By SEAN DIETRICH
The two girls knocked on my door. They wore Kelly green berets and green vests. I greeted them.
The two Girl Scouts went through their spiel. “We’re selling cookies, sir,” they began.
“Do you have any identification?” said I.
They exchanged looks. “Wait, what?”
“Well,” I said amiably, “how do I know you’re really Girl Scouts? A little proof would be nice. Dangerous world out there.”
I have a deep appreciation for Girl Scouts, and each year I buy a LOT of Thin Mints, which has made me quasi-famous in local Girl Scout circles. Last year, for example, my salesgirl won a pink Cadillac.
So the tallest girl gave me her name, rank and serial number. “And this is my new American flag badge,” she added. “We had to iron it on because my mom can’t sew.”
“How about you?” I said to the girl with pigtails. “Got any ID?”
Pigtails had no ID, but she did proudly display her proficiency badges, her Junior Leadership pin, her Junior Aide Award, her Daisy Safety Award pin and her Purple Heart.
Then Pigtails described in painstaking detail how she earned her Junior First Aid badge, a process wherein she not only learned how to care for injured persons, but she rode shotgun in an ambulance, toured an emergency room and extinguished a three-story residential fire single handedly.
I pointed to another badge. “And what’s that badge for?”
“Oh, this one?” she said. “This is the Junior Inside Government badge.”
The Junior Inside Government merit badge requires Girl Scouts to explore the ethics of American government. To do this, girls are given faux countries and charged with the task of making up fun, nonsensical, whacky laws for their countries, sort of like Congress.
I asked what kinds of laws they came up with for their faux countries.
“Um,” said one girl. “Well, my country was called the United States of Amandica. I had a law where you got to eat candy with every meal. Oh, and each house was required to have one swimming pool. Vegetables were illegal. And all dads had to have a permit before eating beans.”
I pointed to another badge. “What’s this one?”
“This my Lifesaving badge. This one was really hard. I had to basically swim in a pool for-EVER and learn how to save someone’s life in the water. I learned about things like spinal injuries, rescuing a drowning person and how to give CPR.”
“You mean you know CPR?” I said.
She nodded proudly.
I pointed to another badge.
“This one?” said Pigtails. “This is the Playing the Past badge. I got this one when I was little. This is when you pick a period in history and you pretend you’re back in that time.
“I picked Colonial America. Me and my mom dressed up like colonial people and we had a party and ate colonial food.”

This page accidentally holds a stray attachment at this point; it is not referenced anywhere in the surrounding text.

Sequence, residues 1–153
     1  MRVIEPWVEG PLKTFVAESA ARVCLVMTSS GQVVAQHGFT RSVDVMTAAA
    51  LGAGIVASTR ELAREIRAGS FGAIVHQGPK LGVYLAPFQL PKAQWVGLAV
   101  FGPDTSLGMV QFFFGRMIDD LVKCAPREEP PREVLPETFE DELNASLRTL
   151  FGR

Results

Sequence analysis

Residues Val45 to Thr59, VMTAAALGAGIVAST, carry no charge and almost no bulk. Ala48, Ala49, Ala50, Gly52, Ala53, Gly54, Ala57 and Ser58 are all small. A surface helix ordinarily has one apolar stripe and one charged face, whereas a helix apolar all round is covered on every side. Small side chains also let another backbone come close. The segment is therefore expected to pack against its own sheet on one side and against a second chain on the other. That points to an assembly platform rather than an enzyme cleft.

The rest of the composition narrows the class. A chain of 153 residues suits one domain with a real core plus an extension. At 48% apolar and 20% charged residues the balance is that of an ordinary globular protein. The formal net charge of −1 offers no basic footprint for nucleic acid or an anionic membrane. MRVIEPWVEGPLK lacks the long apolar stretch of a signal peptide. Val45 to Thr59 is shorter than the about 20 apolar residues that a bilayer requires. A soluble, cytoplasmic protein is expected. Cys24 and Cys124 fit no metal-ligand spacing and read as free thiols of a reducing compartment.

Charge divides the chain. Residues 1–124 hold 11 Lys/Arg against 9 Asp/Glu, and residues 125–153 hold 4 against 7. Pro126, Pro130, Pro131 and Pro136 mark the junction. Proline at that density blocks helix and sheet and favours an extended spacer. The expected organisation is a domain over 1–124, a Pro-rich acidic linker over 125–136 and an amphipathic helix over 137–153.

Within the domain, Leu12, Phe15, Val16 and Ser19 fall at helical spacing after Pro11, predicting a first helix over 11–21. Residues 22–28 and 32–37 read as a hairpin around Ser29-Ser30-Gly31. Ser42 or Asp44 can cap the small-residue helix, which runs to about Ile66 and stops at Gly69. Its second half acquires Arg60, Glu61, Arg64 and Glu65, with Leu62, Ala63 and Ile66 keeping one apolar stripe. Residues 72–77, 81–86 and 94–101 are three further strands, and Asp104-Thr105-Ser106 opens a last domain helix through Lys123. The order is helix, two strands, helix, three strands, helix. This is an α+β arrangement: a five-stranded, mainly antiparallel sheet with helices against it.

“Trust me,” her friend added, “you do not want to know what the colonists ate.”
I asked about another badge.
“This is the Social Butterfly badge,” the girl said. “It’s where you learn how to talk to people at, like, a dinner party or something. You have to make conversation and not be awkward, and be super polite. You have to use your manners, learn how to use the right silverware and learn table manners from other countries, like, eating with chopsticks.”
“Yeah,” said Pigtails. “And then we had to write a BUNCH of thank-yous afterward. My mom said it was just like Junior League only with shorter people.”
After they explained several more badges, including the Practice with Purpose badge, Digital Leadership badge Simple Meals badge, Staying Fit badge, Robots badge, and the Financial Management badge, I asked about another patch.
“This one? This is the Starts With Kindness badge.”
The girls explained that to earn this particular merit badge, Scouts are expected to hold the door for someone, give hugs at random, leave happy notes around town, make gifts for others or call someone who is not feeling well.
“For my badge, I wrote chalk messages of encouragement on the sidewalks,” said Pigtails. “Cause I’m really good at art. So I wrote on the sidewalk, ‘you’re an amazing person,’ or ‘you can do this’ or ‘you are loved.’”
The other girl said, “For my badge, my mom and I baked desserts for everyone at my grandpa’s nursing home, and, honestly, we just showed everyone that we care about them, and how special they are, and everyone wanted their pictures with me.”
After our pleasantries, my sales professionals got down to cutting bait like two savvy businesswomen.
“So how many cookies can we put you down for this year, Mister Dietrich?”
I paid in cash. I hope those girls win a few Coupe DeVilles.